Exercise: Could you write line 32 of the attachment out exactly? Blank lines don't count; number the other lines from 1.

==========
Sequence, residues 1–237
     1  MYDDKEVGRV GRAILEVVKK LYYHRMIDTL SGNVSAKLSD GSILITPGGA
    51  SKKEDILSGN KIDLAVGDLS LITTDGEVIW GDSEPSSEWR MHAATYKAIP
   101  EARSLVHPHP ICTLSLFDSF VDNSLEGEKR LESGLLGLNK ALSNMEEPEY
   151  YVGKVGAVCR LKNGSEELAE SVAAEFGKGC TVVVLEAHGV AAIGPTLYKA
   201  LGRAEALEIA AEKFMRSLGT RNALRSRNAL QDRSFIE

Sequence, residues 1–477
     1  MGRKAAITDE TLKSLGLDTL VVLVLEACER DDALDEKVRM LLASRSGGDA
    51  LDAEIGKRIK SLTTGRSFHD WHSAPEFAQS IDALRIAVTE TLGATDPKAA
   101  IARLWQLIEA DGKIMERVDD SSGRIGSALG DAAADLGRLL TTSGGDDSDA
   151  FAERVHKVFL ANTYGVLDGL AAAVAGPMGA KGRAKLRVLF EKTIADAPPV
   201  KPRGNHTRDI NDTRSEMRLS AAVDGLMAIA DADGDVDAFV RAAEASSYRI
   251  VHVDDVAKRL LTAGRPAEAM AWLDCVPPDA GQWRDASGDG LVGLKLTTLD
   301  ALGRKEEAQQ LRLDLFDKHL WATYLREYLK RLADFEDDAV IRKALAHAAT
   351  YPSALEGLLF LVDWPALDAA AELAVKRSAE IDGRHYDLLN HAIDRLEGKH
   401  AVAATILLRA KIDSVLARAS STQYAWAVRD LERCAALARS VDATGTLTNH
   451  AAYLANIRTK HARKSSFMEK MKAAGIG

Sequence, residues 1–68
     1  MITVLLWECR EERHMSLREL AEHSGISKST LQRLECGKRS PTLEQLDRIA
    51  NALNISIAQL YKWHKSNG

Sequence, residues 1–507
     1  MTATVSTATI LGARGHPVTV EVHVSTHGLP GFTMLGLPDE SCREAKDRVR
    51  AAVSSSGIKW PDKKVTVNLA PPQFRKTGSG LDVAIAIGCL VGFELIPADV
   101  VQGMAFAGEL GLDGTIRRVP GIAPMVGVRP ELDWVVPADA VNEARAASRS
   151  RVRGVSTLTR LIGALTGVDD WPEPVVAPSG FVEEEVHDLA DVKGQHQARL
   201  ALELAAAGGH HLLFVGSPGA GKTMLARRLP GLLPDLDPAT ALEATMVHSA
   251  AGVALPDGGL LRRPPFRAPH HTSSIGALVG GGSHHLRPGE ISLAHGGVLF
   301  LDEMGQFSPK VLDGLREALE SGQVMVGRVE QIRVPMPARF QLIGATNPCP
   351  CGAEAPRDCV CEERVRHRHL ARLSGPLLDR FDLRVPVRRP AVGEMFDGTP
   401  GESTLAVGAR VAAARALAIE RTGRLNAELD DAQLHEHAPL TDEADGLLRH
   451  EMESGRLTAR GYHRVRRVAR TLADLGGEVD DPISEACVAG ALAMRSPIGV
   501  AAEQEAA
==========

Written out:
   501  AAEQEAA